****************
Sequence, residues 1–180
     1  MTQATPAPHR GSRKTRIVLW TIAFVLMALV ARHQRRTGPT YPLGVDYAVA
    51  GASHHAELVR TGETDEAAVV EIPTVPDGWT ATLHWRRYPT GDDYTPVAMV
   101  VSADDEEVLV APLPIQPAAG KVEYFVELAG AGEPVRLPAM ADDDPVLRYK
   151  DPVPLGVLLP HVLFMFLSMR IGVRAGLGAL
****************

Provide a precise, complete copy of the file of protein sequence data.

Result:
Sequence, residues 1–180
     1  MTQATPAPHR GSRKTRIVLW TIAFVLMALV ARHQRRTGPT YPLGVDYAVA
    51  GASHHAELVR TGETDEAAVV EIPTVPDGWT ATLHWRRYPT GDDYTPVAMV
   101  VSADDEEVLV APLPIQPAAG KVEYFVELAG AGEPVRLPAM ADDDPVLRYK
   151  DPVPLGVLLP HVLFMFLSMR IGVRAGLGAL